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by Senior Editor

Controlling mobile access with device management policy: Case study

Jun 30, 20116 mins
AndroidData and Information SecurityiPad

Like CIOs at many organizations, Kenneth Corriveau saw the writing on the wall. The employees in his company wanted to use their own devices for work and were going to keep asking, regardless of what policy might state about using personal technology to connect to corporate networks.

“It really increased in the last 18-24 months when mobile devices starting becoming more and more prevalent,” said Corriveau, CIO of Omnicom Media Group, a global advertising and marketing communications services company. “About the same time, users really started going out and purchasing their own equipment. There was this shift from whatever we issued at the office was what everyone used, to having users that worked on their own personal computers at home and were saying they have a mobile device and it was their platform of choice for work. That was a tipping point when we decided we had to put a plan together.”

[See also: Just say yes: Why banning consumer devices makes your organization less secure]

With a presence in 80 countries and a lot of grumbling from a wide swath of users, Corriveau wanted to open up access for Omnicom employees -- but he wanted to do it securely. That meant getting a handle on the visibility of all mobile devices trying to touch his network, and then implementing discreet controls that would allow people access within corporate policy limits.

Today, Corriveau’s team manages approximately 10,000 nodes – everything from iPads, iPhones, Androids, Blackberries, laptops, desktops, conference room computers and more. With his current policy enforcement system in place, Corriveau notes the platform no longer matters, as long as the device is up to snuff with his policy. Here, he explains how his system works.

CSO: Where were you with device policy a few years ago? We had a policy, and still do, that only corporate devices can connect to the corporate network. But there was a tone out there; we were noticing a trend and more requests were coming through for access to the network, usually to read email, on non-standard or non-corporate devices. That was where we started to see the trend.

Kenneth Corriveau:

So, we started to have some focus groups and talking to different constituents about what would help them. Our population skews younger in our environment. That played a role as well. The younger population seems to have more of an affinity for technology, for using their own gadgets and we knew we had to make it possible for them to do that securely.

What are you doing now to accomplish that?

We have an essentially managed environment using ForeScout’s network security products and have rolled out our policies on a global basis. It impacts everything; from the edge, and how we put the active scan on the edge of our network, to how it runs inside our network.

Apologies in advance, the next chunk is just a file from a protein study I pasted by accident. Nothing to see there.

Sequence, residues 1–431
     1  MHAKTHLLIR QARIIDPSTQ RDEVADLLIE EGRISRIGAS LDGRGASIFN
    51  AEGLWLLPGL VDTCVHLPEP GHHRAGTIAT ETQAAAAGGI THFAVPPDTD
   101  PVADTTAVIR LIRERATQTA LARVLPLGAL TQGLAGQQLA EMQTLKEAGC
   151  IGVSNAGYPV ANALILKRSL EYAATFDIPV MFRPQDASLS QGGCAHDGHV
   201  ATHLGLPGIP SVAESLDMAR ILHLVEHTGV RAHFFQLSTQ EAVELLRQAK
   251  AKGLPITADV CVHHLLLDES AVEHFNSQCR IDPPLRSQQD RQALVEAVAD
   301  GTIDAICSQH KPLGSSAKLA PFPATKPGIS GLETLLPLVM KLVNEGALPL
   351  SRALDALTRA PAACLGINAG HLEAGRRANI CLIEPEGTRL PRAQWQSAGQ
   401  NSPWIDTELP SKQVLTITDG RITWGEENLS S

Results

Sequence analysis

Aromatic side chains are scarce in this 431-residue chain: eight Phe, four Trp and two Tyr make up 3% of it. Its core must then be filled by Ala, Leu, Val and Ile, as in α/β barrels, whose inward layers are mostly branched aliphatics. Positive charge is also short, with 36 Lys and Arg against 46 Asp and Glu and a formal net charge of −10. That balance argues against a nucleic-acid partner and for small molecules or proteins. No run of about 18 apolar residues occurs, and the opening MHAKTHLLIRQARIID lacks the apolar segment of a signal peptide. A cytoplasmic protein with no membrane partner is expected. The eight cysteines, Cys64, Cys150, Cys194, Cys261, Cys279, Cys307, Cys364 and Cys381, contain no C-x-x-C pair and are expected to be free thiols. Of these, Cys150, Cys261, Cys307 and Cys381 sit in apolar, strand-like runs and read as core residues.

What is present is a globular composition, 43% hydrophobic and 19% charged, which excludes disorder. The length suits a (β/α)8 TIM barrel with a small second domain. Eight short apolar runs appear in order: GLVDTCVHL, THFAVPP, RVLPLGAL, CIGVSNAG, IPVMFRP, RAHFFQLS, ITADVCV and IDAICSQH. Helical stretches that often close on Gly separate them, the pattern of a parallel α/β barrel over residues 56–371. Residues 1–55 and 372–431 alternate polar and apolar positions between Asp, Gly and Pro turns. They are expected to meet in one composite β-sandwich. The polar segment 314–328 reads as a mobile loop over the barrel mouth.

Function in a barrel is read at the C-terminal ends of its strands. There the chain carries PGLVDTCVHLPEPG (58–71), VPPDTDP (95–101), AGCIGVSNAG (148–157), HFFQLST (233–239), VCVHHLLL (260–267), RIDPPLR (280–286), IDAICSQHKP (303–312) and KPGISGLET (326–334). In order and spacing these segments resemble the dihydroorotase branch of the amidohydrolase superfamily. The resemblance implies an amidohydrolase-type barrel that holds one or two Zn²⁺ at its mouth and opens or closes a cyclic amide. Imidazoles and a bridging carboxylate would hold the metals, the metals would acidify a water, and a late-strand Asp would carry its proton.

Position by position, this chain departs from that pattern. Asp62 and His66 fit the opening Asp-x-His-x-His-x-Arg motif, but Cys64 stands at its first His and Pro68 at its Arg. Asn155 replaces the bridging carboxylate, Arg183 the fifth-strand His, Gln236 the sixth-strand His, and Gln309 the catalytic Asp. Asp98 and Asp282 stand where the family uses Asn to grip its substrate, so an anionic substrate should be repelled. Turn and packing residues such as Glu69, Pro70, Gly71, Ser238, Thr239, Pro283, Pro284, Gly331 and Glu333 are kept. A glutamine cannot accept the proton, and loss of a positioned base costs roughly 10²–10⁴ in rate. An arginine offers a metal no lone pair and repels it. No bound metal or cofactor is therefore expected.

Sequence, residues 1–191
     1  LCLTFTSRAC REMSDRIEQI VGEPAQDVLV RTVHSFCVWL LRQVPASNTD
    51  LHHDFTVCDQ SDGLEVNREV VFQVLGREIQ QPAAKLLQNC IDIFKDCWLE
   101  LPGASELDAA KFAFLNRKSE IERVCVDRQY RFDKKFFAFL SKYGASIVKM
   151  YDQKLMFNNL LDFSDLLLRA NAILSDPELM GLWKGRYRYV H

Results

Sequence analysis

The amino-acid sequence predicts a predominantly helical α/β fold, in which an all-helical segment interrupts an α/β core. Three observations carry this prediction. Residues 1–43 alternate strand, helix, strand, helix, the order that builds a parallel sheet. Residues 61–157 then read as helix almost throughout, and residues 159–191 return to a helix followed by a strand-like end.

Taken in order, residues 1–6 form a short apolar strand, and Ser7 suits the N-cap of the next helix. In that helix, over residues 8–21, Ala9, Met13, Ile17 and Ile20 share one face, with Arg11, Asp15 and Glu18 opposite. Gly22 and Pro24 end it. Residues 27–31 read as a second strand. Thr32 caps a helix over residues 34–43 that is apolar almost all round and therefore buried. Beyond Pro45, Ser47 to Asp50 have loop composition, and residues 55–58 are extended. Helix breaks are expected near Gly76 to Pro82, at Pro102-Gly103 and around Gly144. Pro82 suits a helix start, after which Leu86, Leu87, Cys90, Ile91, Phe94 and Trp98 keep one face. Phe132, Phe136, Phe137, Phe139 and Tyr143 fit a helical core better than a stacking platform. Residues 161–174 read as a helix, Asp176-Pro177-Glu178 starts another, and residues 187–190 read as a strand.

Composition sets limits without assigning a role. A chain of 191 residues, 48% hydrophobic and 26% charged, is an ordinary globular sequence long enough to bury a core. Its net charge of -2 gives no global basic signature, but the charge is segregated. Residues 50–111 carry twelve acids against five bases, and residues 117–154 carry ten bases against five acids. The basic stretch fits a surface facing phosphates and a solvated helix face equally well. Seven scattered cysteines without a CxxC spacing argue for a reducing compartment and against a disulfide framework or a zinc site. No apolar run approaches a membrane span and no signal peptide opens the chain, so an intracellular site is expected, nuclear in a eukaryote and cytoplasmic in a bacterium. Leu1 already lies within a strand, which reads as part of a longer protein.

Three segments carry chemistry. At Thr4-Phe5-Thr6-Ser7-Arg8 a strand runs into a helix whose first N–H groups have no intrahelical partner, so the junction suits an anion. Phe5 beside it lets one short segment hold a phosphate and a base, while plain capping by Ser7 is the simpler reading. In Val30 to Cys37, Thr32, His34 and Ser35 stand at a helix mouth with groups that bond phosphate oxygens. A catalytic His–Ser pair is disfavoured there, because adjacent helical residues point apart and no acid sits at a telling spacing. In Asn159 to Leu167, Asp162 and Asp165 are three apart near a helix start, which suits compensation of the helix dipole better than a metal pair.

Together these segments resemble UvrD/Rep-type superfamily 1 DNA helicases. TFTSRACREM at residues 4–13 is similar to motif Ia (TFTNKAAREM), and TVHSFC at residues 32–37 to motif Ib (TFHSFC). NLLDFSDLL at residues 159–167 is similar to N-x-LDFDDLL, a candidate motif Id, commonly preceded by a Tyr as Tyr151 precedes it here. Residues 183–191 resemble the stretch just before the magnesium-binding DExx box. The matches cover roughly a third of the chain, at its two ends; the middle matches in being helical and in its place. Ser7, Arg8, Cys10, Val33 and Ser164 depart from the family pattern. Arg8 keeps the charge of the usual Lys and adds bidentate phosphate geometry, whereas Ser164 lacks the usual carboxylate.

Previous to having this network-access-control (NAC) environment, we were not allowing other devices on the network. It had to be a corporate device. We separate our networks out in guest, employee, and vendor networks and, with the NAC, what we’ve done is when any device connects to the network, we run a policy to ensure they have the correct virus definitions and that they are up to a certain standard, before we allow it on to tour network. Previously we werent allowing non-corporate devices onto the network. But now we are, as long as they conform to our parameters.

What happens if the device is denied access?

If it doesn’t conform then IT gets a notification and works with the person trying to get connected to the network. They are put in holding container of sorts and get a note. Then IT gets a note. Most of the time they work with employees on the help desk to update whatever definitions they need. Nine times out of ten we resolve it.

What have you had for feedback from employees and guests?

Both positive and negative. Some who understand we are offering a better service and giving more options for access now are grateful and acknowledge that it was easier than it was in the past. On the other side, you have people who don’t understand why we have controls in there at all. They still ask “Why can’t it just be open platforms and standards?”

What is your gauge that the policy enforcement system is working?incidents and trends. We have a category in our system for security requests, network requests. We’ve seen the trend go up and down. The question is: do people still need to reach out to IT group to do what they need to do? Or is there enough of a balance between the freedom to get on the network and the security that is around it? We monitor that through our system have seen a downward trend in requests. We saw it bottom out about a year ago, although lately there has been an upswing again with the emergence of the pad devices and mobile devices that more people are using.

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What are you anticipating next in terms of mobile technology, user-driven work devices and how it impacts your operations?

I think we are still in an infancy stage in this evolution. As these new devices become more prevalent, consumers are trying to find new ways to them. And I think that will really shift the way business interacts with these devices and how we use them, too.

I think we are marching in the direction of an even more open environment. We’re ensuring all of the things we were doing previously from a security stand point have caught up to the demands of today’s user. And the technology is allowing us to open things up more and more and still have that security around it.